Rugby: How the sport spread across the world

19 September 2019 11:39

New Zealand are reigning world champions

New Zealand are reigning world champions

It's time for kick off in Japan as the Rugby World Cup 2019 takes to Tokyo Stadium. But where did the sport originate?

In celebration of this year's World Cup tournament, let's look back to where it all began...

The birth of rugby

According to a plaque at Rugby private school in Warwickshire, England, rugby football began in 1823 when a pupil named William Webb Ellis got fed up with kicking the football around and decided to pick it up and run instead.

The idea caught on quickly and soon enough rugby had become a popular winter game at many British schools and universities. The Rugby Football Union was founded in a London pub in 1871 and the 'International Championship' between England, Wales, Scotland and Ireland formed just over ten years later.

Passing the ball

The game was spread across the British Empire by British troops stationed overseas. Most notably, in 1874 the South African Rugby Football Union was established, followed by the New Zealand RFU in 1892.

Elsewhere in the world, other countries began to catch on – Romania learnt from France in the late 19th century, while Argentina picked up the game from English and Scottish immigrants.

Rugby was taken to Canada by British settlers, while rugby's American ancestry can be dated back to 1874, when McGill University in Montreal challenged Harvard. Even the Japanese caught on eventually, taught by British, Australian and New Zealand troops stationed in the country after World War II.

The question of professionalism...

In 1893 the game of rugby was torn in two as players began to want payment for their play. The Rugby Football Union frowned on this idea as it took the game away from its 'amateur' roots, and so the Northern Rugby Union, later renamed Rugby League, was formed.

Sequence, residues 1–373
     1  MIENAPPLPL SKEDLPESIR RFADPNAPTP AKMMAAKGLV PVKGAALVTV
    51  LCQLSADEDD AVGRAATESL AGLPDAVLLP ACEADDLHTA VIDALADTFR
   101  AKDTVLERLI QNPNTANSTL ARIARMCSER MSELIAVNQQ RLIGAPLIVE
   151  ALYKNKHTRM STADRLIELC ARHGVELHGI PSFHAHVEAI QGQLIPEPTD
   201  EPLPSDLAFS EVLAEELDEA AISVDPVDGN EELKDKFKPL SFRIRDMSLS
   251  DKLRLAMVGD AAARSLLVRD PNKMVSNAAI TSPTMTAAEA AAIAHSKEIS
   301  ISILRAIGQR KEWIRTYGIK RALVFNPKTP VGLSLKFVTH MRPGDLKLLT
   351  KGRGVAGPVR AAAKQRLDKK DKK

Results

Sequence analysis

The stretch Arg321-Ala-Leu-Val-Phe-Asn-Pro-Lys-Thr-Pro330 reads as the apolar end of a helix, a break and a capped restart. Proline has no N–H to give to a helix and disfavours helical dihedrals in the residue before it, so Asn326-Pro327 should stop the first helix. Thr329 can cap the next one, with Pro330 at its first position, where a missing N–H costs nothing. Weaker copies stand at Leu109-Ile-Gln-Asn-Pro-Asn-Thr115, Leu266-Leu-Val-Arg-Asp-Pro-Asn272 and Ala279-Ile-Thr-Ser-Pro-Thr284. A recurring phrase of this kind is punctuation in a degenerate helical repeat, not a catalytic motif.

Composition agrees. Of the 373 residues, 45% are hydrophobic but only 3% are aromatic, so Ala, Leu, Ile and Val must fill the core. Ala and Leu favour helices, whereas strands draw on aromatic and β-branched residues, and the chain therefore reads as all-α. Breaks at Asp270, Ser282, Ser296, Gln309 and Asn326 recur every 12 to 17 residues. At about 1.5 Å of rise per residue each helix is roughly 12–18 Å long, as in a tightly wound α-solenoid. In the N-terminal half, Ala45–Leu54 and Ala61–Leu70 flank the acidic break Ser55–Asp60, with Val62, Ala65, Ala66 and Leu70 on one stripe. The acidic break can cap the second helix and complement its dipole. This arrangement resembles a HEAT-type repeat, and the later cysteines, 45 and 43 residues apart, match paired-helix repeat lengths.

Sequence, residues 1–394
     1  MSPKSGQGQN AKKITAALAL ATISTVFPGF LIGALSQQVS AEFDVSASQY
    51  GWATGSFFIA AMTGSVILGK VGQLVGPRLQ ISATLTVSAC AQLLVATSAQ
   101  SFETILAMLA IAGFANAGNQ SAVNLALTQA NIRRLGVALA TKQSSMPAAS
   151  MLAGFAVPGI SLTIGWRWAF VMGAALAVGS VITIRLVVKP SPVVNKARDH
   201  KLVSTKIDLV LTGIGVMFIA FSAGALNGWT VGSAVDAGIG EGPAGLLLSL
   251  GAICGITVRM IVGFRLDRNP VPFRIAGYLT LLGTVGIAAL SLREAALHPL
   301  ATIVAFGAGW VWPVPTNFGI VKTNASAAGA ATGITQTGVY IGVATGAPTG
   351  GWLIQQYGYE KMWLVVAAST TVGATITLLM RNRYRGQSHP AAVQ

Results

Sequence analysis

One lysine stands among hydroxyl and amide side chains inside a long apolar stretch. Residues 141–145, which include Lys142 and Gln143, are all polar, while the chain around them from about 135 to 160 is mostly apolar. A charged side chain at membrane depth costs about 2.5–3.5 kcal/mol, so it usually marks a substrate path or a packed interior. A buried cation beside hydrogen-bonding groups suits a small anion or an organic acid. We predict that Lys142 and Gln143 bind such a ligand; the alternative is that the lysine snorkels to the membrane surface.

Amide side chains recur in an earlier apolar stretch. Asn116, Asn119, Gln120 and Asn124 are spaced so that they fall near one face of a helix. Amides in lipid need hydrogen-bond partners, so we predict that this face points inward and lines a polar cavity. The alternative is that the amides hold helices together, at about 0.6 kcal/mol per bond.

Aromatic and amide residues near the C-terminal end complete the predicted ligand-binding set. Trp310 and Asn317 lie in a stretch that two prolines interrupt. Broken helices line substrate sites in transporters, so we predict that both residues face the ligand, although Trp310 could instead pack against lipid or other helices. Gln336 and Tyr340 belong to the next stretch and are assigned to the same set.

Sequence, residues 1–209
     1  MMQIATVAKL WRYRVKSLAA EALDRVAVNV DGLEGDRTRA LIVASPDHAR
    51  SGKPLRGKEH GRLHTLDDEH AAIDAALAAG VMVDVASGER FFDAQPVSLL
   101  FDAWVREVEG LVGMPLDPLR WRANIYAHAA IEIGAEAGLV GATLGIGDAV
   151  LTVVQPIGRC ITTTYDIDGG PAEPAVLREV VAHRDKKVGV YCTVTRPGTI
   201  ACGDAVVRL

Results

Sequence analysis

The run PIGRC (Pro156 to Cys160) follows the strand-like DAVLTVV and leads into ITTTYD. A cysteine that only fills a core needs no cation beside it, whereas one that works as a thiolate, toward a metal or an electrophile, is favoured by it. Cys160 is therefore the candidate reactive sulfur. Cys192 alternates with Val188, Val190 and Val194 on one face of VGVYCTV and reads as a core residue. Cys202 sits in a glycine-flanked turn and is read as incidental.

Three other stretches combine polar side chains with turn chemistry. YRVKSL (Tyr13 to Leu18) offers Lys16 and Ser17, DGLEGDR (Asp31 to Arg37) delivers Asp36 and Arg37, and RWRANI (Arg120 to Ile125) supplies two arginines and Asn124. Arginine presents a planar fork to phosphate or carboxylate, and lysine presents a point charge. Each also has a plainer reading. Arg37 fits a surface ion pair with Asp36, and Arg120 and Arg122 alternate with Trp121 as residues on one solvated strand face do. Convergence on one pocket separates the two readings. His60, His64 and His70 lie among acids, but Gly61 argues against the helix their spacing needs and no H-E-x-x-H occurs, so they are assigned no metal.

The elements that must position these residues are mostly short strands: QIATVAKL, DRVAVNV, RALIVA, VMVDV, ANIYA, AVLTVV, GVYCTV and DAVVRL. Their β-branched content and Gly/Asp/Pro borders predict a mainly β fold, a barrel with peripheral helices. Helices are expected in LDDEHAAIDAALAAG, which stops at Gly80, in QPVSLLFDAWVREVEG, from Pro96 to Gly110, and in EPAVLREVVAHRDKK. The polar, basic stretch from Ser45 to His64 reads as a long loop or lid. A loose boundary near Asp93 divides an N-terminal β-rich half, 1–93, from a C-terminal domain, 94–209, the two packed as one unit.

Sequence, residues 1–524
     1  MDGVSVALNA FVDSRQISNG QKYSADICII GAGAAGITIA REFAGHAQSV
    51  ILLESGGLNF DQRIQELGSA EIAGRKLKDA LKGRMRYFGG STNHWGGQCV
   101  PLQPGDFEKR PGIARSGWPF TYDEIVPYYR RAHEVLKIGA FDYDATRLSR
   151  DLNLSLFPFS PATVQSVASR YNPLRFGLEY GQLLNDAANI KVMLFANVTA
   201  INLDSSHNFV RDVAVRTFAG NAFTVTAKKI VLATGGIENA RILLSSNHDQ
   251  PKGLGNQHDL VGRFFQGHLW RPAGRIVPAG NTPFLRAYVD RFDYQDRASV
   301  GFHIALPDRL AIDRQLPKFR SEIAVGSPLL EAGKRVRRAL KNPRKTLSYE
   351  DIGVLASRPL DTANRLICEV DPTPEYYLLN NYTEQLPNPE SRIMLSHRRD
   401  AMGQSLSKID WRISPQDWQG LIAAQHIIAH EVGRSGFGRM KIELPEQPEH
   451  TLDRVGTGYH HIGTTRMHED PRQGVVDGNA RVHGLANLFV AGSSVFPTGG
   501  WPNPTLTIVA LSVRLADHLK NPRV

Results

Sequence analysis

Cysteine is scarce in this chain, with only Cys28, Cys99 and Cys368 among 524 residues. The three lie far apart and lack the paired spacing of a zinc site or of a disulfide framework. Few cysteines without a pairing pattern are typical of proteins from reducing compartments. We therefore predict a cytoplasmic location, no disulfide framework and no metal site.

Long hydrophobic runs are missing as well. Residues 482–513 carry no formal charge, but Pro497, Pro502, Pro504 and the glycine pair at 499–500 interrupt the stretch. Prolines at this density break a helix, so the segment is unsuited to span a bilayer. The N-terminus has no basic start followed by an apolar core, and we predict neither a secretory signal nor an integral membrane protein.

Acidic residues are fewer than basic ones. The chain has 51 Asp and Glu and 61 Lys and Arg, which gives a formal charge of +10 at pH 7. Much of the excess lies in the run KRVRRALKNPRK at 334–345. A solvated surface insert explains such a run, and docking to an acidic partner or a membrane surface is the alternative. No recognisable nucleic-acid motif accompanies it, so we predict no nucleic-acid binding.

Meanwhile, rugby union grew from strength to strength, with France welcomed into the International Championship in 1910, giving birth to The Five Nations – although the French were temporarily banned in the 1930s for paying their players.

An exciting landmark for Rugby Union came in 1938, when the first ever televised game saw Scotland beat England 21-16 at Twickenham. However, nothing was quite as exhilarating as the very first Rugby World Cup in 1987, which was co-hosted by New Zealand and Australia. New Zealand beat France 29-9 in the final, becoming the first world champions. The first Woman's Rugby World Cup came four years later, in 1991.

Pay the players!

Having fought off professionalism for over a century, in 1995 the International Rugby Board finally gave in. Removing all restrictions of payment, rugby became the professional sport we know and love today.

This year, the ninth Rugby World Cup is hosted by Japan and will feature 48 games spread across 43 days. All 20 competing teams are now united in one goal... lifting the Webb Ellis Cup on 2nd November.